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Publication numberUS5526134 A
Publication typeGrant
Application numberUS 08/311,026
Publication dateJun 11, 1996
Filing dateSep 26, 1994
Priority dateFeb 28, 1989
Fee statusLapsed
Also published asEP0385741A1, US5233434
Publication number08311026, 311026, US 5526134 A, US 5526134A, US-A-5526134, US5526134 A, US5526134A
InventorsTsuneo Furuki, Yasuo Ito, Kazuo Hikawa
Original AssigneeVictor Company Of Japan, Ltd.
Export CitationBiBTeX, EndNote, RefMan
External Links: USPTO, USPTO Assignment, Espacenet
Method and system for encoding and decoding video data
US 5526134 A
Abstract
An original image signal is encoded into an image code signal of a predetermined format through an approximation process on colors. A first luminance component is derived from the image code signal. A second luminance component is derived from the original image signal. A difference between the first luminance component and the second luminance component is derived. The difference is converted into a luminance corrective signal. The image code signal and the luminance corrective signal are transmitted via a common transmission line. In a decoder, the luminance corrective signal is decoded to a luminance difference signal, which is added to an image signal decoded from the image code signal.
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Claims(2)
What is claimed is:
1. A compact disk graphics decoding system comprising:
means for reproducing first codes representative of an image signal which is derived from an original image signal and second codes representative of a luminance level corrective signal, said corrective signal representing the difference between a luminance level of said original image and a luminance level of an image signal represented by said first codes, from the same compact disk;
means for decoding the reproduced first codes and the reproduced second codes into the image signal and the luminance level corrective signal, respectively; and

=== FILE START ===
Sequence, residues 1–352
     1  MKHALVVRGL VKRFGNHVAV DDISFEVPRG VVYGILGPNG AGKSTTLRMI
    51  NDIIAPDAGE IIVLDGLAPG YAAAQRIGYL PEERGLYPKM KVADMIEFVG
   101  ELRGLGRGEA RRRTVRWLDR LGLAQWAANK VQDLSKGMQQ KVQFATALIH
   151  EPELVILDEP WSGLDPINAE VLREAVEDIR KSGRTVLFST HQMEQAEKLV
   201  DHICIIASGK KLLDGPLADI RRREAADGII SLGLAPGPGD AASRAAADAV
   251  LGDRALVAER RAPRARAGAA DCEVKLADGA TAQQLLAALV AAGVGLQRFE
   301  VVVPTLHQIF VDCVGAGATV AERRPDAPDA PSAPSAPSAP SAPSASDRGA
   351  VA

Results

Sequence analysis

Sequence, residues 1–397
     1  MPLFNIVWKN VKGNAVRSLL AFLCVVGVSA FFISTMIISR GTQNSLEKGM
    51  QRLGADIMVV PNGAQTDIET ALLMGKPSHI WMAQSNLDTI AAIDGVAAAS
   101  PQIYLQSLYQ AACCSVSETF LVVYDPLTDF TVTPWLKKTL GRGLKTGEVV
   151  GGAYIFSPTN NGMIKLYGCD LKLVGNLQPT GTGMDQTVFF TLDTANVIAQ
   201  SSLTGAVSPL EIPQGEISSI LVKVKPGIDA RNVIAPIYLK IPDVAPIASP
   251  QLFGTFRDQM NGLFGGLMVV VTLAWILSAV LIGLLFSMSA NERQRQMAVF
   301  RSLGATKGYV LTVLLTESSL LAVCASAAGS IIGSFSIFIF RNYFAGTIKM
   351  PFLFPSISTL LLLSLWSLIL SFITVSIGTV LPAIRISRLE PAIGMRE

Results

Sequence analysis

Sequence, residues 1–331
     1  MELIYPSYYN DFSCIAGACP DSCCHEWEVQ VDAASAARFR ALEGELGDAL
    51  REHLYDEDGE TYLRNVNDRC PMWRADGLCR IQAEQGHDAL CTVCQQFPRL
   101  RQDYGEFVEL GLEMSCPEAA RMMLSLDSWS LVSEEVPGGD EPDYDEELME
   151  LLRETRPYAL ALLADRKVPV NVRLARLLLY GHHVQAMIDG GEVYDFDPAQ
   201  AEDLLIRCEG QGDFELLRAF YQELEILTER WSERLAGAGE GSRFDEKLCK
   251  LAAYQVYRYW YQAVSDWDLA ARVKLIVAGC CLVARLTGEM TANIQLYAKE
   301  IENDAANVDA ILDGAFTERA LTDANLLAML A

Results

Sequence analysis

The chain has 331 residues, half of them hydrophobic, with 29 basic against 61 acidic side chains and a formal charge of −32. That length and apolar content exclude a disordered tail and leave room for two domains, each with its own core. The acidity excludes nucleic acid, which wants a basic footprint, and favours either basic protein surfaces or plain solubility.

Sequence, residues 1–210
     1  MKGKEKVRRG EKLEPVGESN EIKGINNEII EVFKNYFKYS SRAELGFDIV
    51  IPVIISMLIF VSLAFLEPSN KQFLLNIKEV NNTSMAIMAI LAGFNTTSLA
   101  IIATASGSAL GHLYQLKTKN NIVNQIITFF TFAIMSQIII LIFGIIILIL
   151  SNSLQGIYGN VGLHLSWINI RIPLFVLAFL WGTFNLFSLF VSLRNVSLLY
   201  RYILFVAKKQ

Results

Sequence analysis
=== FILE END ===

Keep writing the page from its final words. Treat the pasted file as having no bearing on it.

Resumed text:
means for correcting the image signal in response to the decoded luminance level corrective signal and thereby generating a luminance-corrected image signal;
wherein the correcting means comprises means for adding the decoded luminance level corrective signal to the image signal, and thereby combining the decoded luminance level corrective signal and the image signal into the luminance-corrected image signal to obtain said original image signal.
2. A compact disk graphics decoding system comprising:
first means for reproducing first codes, representative of a first image signal derived from an original image signal, and second codes representative of a luminance level corrective signal derived from the differences between luminance level of an original image and a luminance level of an image represented by said first codes, from the same compact disk;
second means connected to the first means for decoding the first codes reproduced by the first means into the first image signal;
third means connected to the first means for decoding the second codes reproduced by the first means into the luminance level corrective signal; and
fourth means connected to the second means and the third means for correcting a luminance-level-representing component of the first image signal decoded by the second means in response to the luminance level corrective signal decoded by the third means to convert the first image signal into said original image signal;
wherein the fourth means comprises means for adding the luminance level corrective signal to the first image signal, and thereby combining the luminance level corrective signal and the first image signal into the original image signal.
Description

This application is a continuation-in-part of application Ser. No. 08/038,616 filed Mar. 24, 1993, abandoned, and is a divisional of application Ser. No. 07/485,547 filed Feb. 27, 1990, U.S. Pat. No. 5,233,434.